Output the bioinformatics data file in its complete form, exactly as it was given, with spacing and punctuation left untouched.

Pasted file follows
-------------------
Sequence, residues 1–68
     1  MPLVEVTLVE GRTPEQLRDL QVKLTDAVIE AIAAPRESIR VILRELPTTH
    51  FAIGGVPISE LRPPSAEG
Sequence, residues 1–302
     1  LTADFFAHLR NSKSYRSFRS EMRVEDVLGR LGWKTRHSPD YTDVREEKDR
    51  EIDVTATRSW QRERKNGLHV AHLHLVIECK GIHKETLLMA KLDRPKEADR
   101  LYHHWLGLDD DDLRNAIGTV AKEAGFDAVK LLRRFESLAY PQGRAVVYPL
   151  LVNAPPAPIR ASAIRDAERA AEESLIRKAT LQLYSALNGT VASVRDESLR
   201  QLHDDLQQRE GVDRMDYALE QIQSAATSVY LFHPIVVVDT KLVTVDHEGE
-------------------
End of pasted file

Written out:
Sequence, residues 1–68
     1  MPLVEVTLVE GRTPEQLRDL QVKLTDAVIE AIAAPRESIR VILRELPTTH
    51  FAIGGVPISE LRPPSAEG
Sequence, residues 1–302
     1  LTADFFAHLR NSKSYRSFRS EMRVEDVLGR LGWKTRHSPD YTDVREEKDR
    51  EIDVTATRSW QRERKNGLHV AHLHLVIECK GIHKETLLMA KLDRPKEADR
   101  LYHHWLGLDD DDLRNAIGTV AKEAGFDAVK LLRRFESLAY PQGRAVVYPL
   151  LVNAPPAPIR ASAIRDAERA AEESLIRKAT LQLYSALNGT VASVRDESLR
   201  QLHDDLQQRE GVDRMDYALE QIQSAATSVY LFHPIVVVDT KLVTVDHEGE